Stanford researchers propose new strategies to fund water infrastructure projects

Feb. 18, 2016

The water sector could take advantage of a diverse set of public and private funding sources, including bonds, end-user fees and venture capital.

STANFORD, Calif. — Feb. 10, 2016 — Researchers at Stanford University developed strategies to bring the nation’s water infrastructure into the 21st century based on lessons learned from the energy sector, according to a press release.

The new report identifies financing tools and techniques from the electricity sector which have the potential to bridge the financing gap to next-generation water systems.

“Our sophisticated water system is slowly reaching the end of its lifetime and is in need of renewed investment due to population growth, urbanization, climate change impacts, environmental degradation, aging infrastructure, and ever-increasing operation and maintenance costs,” commented report co-author Newsha Ajami, director of urban water policy at Stanford’s Water in the West program, in the release. “Tackling these modern challenges calls for new thinking and innovative, multipurpose infrastructure solutions.”

Among the approaches recommended by the authors is the use of water projects called “distributed solutions,” which are designed to be implemented at a local level. Examples include green infrastructure built to manage stormwater, or homes and offices designed to flush toilets with gray water rather than potable water.

According to the researchers, providing incentives for such small- to medium-scale projects at the local level can be more efficient and economical than relying on more traditional funding models.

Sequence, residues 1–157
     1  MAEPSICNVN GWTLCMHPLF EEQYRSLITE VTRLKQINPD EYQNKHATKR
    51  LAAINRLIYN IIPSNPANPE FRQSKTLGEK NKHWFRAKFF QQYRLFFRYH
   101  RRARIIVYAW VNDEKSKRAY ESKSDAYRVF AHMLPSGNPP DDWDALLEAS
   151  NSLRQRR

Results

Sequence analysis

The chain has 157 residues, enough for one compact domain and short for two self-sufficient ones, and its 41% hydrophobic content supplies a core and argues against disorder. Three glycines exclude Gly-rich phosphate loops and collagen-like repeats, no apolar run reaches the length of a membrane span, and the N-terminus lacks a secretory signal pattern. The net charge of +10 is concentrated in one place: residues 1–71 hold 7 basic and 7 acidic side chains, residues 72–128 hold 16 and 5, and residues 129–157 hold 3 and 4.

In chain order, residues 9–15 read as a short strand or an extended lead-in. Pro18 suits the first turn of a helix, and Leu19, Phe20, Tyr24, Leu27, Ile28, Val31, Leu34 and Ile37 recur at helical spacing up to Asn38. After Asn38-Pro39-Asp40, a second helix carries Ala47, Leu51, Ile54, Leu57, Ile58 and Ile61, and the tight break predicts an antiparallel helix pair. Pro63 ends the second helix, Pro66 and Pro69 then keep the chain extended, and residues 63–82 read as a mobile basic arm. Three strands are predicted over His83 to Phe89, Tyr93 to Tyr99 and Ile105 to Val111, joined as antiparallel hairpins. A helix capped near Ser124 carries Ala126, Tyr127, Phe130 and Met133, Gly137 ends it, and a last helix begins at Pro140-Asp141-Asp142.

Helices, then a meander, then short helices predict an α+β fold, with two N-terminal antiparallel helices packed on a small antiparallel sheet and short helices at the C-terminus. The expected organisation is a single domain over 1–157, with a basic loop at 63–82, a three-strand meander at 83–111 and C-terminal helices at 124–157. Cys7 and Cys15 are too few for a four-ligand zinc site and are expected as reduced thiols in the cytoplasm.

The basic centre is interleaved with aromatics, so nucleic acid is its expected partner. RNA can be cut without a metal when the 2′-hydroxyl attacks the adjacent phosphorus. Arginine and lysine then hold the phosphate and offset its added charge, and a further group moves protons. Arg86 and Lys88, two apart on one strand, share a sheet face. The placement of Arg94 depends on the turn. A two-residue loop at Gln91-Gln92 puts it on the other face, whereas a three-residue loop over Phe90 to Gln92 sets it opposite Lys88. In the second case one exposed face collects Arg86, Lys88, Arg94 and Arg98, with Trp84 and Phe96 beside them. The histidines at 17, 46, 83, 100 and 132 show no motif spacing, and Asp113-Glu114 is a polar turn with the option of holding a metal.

The report also says that regulations such as direct enforcement, economic incentives and innovative pricing structures that have proved successful in the electricity sector could be used to promote adoption of innovative water projects; and the water sector could take advantage of a diverse set of public and private funding sources, including bonds, end-user fees and venture capital.

To facilitate the flow of funding, once funding for a project has been acquired stakeholders should be able to access these funds through resource pathways such as loans and grants, rebates, tax credits and on-bill initiatives, the authors said. This could be used to promote cost-sharing opportunities among customers or to eliminate upfront costs.

Lastly, the report calls for innovative governance structures to help manage project implementation, such as net metering, end-to-end service companies and project or financial aggregation.

You can find the entire release here.

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